Sunning A Mattress @ the Southern Pacific Review // Fiction

This story is one that was very difficult for me to write. It was both a return to and a stepping out of something: in the recent past, I feel that I’ve dipped my toes (or perhaps fallen headlong) into the strange, the fairy tale-but-not-quite; I’ve tried more and more to challenge myself by writing based on certain guidelines or prompts (e.g. without mentioning a certain word, by using words as numbers, etc.)–in the further past, I wrote stories that were quite straightforward but also (I feel, now) autobiographical enough to be quite impersonal (there was no invention of anything–or not enough, anyhow). Whether near or far in the timeline of writing, I think I have written mostly about erotic desire: because I found it easy, because there was a lot of feeling and material to work from.

However, recently, I have had friendship on the mind and how it is just as complex as (if not more so than) erotic desire. It is just an explicable, can be just as painful once lost or strained. Why do we not talk of these aches more often? Maybe because it is harder to try and iterate something that is usually formed unconsciously and which doesn’t ask of us any acknowledgement before coming about. In a romantic relationship, there has to be an asking, some sort of formal (or at least clear) consent. With friendship, there just has to be the friendship.

So, then. Here is Sunning A Mattress, fresh on the Southern Pacific Review.

On The Other Side // A Katipunan Adventure

This month (September) has dragged on for what feels like forever. I feel a little bit unnerved because I still have so many things to write, read, and review/film for my channel–this whole month has felt like something’s gotta give and yet nothing has so here I am. A couple of weeks ago, I went to Katipunan with the rest of Plural to attend/panel at a talk hosted by Kritika Kultura. The main speakers were Erika and Carlo (the founding members of the journal), but we went for the Q&A portion as well as the provision of moral support. Being Taft-grown and hardened by the ever-present threat of being run over, heading over to rival territory is always both disorienting and refreshing. All those trees, all that space, all the everything. We made a little trip to the press bookshop (yeah, so that no book buying ban has pretty much been done away with all together) and then headed on over to the Rizal Library for the talk proper.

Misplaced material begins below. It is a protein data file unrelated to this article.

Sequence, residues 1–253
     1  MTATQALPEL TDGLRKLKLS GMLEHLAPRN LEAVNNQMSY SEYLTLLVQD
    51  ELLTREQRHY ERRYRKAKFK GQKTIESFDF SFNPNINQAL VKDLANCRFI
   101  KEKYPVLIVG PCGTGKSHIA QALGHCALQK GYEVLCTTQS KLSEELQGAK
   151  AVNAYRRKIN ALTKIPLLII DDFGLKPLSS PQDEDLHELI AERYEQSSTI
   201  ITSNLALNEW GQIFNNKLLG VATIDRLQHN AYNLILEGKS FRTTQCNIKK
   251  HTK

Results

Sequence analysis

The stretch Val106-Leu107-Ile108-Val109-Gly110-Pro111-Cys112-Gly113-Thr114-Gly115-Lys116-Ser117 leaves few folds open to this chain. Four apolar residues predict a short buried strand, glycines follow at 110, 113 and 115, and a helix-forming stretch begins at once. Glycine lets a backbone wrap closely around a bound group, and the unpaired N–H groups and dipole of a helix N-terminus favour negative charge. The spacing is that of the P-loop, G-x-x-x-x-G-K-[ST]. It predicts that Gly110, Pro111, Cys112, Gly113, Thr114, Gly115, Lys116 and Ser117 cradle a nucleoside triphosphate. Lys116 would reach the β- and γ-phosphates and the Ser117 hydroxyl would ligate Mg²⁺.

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I was (very pleasantly) surprised at the turn out: everyone was super participative (not to say that my experience has been otherwise, but you never know with more academic settings), and I was super proud of how Erika and Carlo discussed all of the points re: Plural’s response to the lack of a go-to place for prose in Philippine letters. All-in-all, a great day.

After the talk, I hung out with some friends of mine who attended the talk (hey, Raine and Free) over at UP Town Center. I had Mad Mark’s and Rita’s for the first time. Hot damn, that stuff is delicious–although to be honest, I did find Rita’s to get a little bit overwhelming after a while. The day ended with us all giggly, and worn out, driving down EDSA watching the lights flicker by: not bad at all.

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